Recent advancements in the field of technology have enabled scientists to use fuel explosion as the power source to achieve rapid and powerful motion for medium-sized soft robots.
The new system, created by researchers at the Beijing Institute of Technology and the University of Lancaster, provides a new kind of actuation system for the robotic system. It has promising patentability to vastly improve the working length of conventional medium-size soft robots.
“Achieving the rapid and fast motion of the medium-size robot has been a challenging task for many years,” explained Lancaster University’s Nan Ma, who led the research.
The study’s corresponding paper, ‘Design of a fuel explosion-based chameleon-like soft robot aided by the comprehensive dynamic model,’ was published in the journal Cyborg and Bionic Systems.
What are the benefits of soft robots?
In recent years, different types of soft robots have been developed to satisfy the requirements of varying applications. These soft material-based robotic systems have many advantages over the traditional rigid ones, including improved range of motion (ROM), better adaptability in unstructured areas, reduced cost, and lower weight.
Hyperelastic materials, such as elastomers, are usually adopted to support the motion of soft robotic systems. For example, a wide range of soft robots has been developed in recent years to mimic the movement of animals. These include the Multigait soft robot, which mimics an elephant’s trunk.
However, the capability of soft robots for long-distance and high-speed linear motions is somewhat constrained by their structure, including the fact that they are constructed by multiple bending units and have an actuation system. Therefore, novel soft robots that can achieve long-distance and rapid linear reaching are desired to develop the robotic system with advanced functions.
Assessing how the systems can be improved
Different actuation methods have been studied over the past decades to improve the functions of soft robotic systems, including electroactive polymer actuators, shape memory alloy (SMA) actuators, and pneumatic actuators.
For example, electroactive polymer actuators can reduce energy consumption and improve expansion efficiencies. Moreover, the SMA actuators can reduce the weight and dimension of the system, while the pneumatic actuation can provide a high actuating force. For the above-mentioned actuators, either due to the bulk dimension or the slow response, they are not suitable to be combined with the soft robots to develop an advanced extendable robotic system, where quick response, compact dimension, and a powerful output are required.
Promisingly, the explosion-based actuator can self-regulate the actuation pressure using the chemical decomposition of hydride in a closed space, where the high force and linear output motion can be achieved. This actuator has a high force-to-weight ratio due to its simple structure and powerful output, where the complex transmission mechanism, energy accumulation mechanism, and energy release trigger mechanism can be omitted. These features are a great advantage, as they can reduce the overall weight of the system. Thanks to the advantages of the explosion-based actuation system, it can be combined with the developed linear motion soft robot to achieve fast and long-distance motion.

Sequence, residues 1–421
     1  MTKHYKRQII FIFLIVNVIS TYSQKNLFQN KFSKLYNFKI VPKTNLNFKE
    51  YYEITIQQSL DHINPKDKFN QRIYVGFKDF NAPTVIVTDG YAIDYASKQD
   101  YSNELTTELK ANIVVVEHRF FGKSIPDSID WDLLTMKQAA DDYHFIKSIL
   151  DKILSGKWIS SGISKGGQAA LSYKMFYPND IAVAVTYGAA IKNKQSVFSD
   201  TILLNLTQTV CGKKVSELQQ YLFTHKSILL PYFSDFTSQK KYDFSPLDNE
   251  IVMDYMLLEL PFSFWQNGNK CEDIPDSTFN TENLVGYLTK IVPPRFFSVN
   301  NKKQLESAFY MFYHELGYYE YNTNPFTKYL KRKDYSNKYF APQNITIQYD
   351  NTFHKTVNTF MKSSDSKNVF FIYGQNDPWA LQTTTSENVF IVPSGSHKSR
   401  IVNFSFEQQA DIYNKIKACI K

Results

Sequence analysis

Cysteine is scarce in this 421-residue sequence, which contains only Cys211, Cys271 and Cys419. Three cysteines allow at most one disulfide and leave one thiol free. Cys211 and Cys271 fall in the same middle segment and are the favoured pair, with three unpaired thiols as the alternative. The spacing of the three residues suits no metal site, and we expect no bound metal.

Implementing these changes for more efficient robotic systems
After realising these challenges, the researchers needed to design soft robots that an explosion could power to achieve linear motion. This is because the explosive process coupled with the energy conversion processes – chemical dynamics, gas-phase dynamics, and fluid dynamics processes – are critical to the successful working of the system. To solve this problem, the researchers proposed a set of unique design principles for their soft robot.
Firstly, Michael T Tolley presented an untethered soft-bodied robot using a combination of pneumatic and explosive actuators to execute directional jumping manoeuvres. Then, Robert F Shepherd demonstrated the rapid actuation of pneu-nets using a chemical reaction to generate explosive pressure bursts. However, the researchers discovered that no soft robots powered by the explosion could realise long-distance and high-speed linear motion.
Ma stated: “To address the challenges above of the soft robots and to achieve long-distance and high-speed linear motion, a novel explosion-based soft robot was proposed.”
To support and predict the performance of the explosion-based soft robot, a new detailed dynamic model, which can be used to quantitatively predict the energy generated by the explosion and predict the deformation of the soft robot, was constructed. Furthermore, the change of working fluid (molecular numbers) and some unavoidable and influential factors, such as heat transfer loss, specific heat, and incomplete combustion, were also calculated. Lastly, the performance of the explosion-based soft robot to achieve the axial extension was tested, which is further used to verify the dynamic model developed in this paper.
The results of this study show that the developed model can be validated by the experimental results, which can provide an efficient way to guide the structure design of soft robots in the initial stage.